Who is baby tuckoo in A Portrait of the Artist as a Young Man?

Expert Answers

An illustration of the letter 'A' in a speech bubbles

Baby tuckoo is a character from children’s stories that Stephen’s father would tell him as a child. In the story, a mystical “moocow” would come up to the baby and take him to a magical land. This was a common myth from Irish folklore, where children would be spirited away by a magical cow to be trained and groomed into mythical heroes, returning to do incredible feats and deeds on Earth.

James Joyce was frequently called baby tuckoo as a child, and so he chose this familiar phrase for the baby in his book. It echoes the epic coming of age journey the character embarks upon, as if he was taken by the cow to learn to be a hero.

Approved by eNotes Editorial Team
An illustration of the letter 'A' in a speech bubbles

Baby tuckoo is Stephen Dedalus.

When Stephen is little, his father tells him a story about a nice little boy who meets a cow. He says it in the kind of language that many parents would use when talking to a child—a kind of affectionate babytalk. This is how the book opens, with a moocow coming down the road and meeting baby tuckoo.

Then the viewpoint switches, and Stephen remembers seeing his father as he told him the story. He remembers the beard on his face. He remembers the words his father spoke. He says that he, himself, was baby tuckoo.

This introduction takes the reader to the earliest memories that Stephen has. It helps to show the characteristics of his father before showing the rest of his family. It's clear that they're close and warm; his father and the stories he told were important to Stephen in his formative years.

Approved by eNotes Editorial Team
An illustration of the letter 'A' in a speech bubbles

Joyce’s penultimate novel, A Portrait of the Artist as a Young Man, opens with a line from a story Stephen Dedalus remembers being told as a child:

Once upon a time and a very good time it was there was a moocow coming down along the road and this moocow that was coming down along the road met a nicens little boy named baby tuckoo.

Stephen remembers quite well how his father would act out the part of baby tuckoo, as is exemplified by his use of “baby talk” (moocow, for example), and this gives readers their first impressions of Stephen’s father as a kind and involved figure in Stephen’s formative years.

The reason the name baby tuckoo was chosen is because it was a nickname for Joyce himself as a child, and the story itself is an interesting reference as well. As Don Gifford notes in his book Joyce Annotated, the story of moocow and baby tuckoo is rooted in traditional Irish folklore. According to legend, a magical cow takes certain children to an island realm where they are groomed to become heroes before being returned to their astonished parents. This snippet of a story alludes to the traditional “hero’s journey” that Stephen embarks on throughout the novel.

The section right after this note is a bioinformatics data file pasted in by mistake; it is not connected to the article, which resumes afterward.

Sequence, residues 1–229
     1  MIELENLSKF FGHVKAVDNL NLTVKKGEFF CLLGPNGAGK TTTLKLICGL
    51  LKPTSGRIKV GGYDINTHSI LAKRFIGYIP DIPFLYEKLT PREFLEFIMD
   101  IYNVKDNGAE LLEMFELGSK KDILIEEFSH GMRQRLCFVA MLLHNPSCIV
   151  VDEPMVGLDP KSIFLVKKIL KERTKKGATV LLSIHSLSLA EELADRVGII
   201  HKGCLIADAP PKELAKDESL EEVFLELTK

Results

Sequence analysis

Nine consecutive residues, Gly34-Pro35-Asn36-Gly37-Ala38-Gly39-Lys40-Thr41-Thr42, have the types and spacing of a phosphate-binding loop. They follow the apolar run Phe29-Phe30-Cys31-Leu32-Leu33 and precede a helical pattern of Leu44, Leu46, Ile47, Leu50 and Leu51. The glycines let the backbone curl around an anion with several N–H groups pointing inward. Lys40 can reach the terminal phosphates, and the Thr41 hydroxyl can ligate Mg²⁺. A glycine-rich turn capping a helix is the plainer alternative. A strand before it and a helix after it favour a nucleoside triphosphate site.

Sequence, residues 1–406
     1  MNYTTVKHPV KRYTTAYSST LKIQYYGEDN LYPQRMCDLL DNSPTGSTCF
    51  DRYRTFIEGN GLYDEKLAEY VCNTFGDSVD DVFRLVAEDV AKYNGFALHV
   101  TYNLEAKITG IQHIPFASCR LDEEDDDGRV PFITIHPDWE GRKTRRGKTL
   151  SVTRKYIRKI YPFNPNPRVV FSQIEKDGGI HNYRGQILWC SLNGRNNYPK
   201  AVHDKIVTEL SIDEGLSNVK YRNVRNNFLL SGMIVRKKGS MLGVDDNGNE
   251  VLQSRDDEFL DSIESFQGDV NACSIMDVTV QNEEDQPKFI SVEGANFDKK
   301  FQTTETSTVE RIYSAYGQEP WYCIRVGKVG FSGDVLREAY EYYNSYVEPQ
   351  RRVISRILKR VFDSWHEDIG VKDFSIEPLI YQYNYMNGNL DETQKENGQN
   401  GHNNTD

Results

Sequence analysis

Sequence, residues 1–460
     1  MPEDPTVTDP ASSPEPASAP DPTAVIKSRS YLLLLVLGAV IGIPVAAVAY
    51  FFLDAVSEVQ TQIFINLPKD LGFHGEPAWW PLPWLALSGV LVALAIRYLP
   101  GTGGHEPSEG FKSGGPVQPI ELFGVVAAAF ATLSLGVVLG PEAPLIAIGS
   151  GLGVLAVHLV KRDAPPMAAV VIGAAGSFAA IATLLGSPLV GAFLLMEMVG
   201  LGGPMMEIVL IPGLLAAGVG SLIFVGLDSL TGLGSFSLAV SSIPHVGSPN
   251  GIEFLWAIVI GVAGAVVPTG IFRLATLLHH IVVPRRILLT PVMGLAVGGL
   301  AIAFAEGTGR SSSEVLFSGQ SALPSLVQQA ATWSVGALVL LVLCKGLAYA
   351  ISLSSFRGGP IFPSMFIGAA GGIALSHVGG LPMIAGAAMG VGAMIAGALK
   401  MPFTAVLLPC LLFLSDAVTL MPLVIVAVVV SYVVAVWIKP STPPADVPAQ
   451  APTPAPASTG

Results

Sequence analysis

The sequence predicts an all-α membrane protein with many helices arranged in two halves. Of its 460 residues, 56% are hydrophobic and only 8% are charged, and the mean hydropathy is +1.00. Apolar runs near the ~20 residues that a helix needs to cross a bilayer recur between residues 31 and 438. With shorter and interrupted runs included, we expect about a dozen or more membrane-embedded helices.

Approved by eNotes Editorial Team
An illustration of the letter 'A' in a speech bubbles

Baby tuckoo is a character in a story that Stephen Dedalus remembers being told by his father. It is one of his very first memories, and it is mentioned in the first sentence of A Portrait of the Artist as a Young Man:

Once upon a time and a very good time it was there was a moocow coming down along the road and this moocow that was coming down along the road met a nicens little boy named baby tuckoo.

In the story, Stephen's father acts out the part of "baby tuckoo," which Stephen identifies with. This expression is an example of the kind of baby talk often spoken by parents to their young children. "Moocow" and "Nicens little boy" are other examples of this. The memory is clearly a very pleasant one for Stephen, as he remembers it so vividly. It also introduces us to the jolly, playful figure of Stephen's father, who will have an important role to play in his formative years.

Approved by eNotes Editorial Team

We’ll help your grades soar

Start your 48-hour free trial and unlock all the summaries, Q&A, and analyses you need to get better grades now.

  • 30,000+ book summaries
  • 20% study tools discount
  • Ad-free content
  • PDF downloads
  • 300,000+ answers
  • 5-star customer support
Start your 48-Hour Free Trial